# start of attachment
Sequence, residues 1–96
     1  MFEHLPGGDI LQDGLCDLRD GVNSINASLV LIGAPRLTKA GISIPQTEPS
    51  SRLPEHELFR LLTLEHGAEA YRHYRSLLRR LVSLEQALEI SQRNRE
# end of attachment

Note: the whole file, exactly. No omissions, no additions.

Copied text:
Sequence, residues 1–96
     1  MFEHLPGGDI LQDGLCDLRD GVNSINASLV LIGAPRLTKA GISIPQTEPS
    51  SRLPEHELFR LLTLEHGAEA YRHYRSLLRR LVSLEQALEI SQRNRE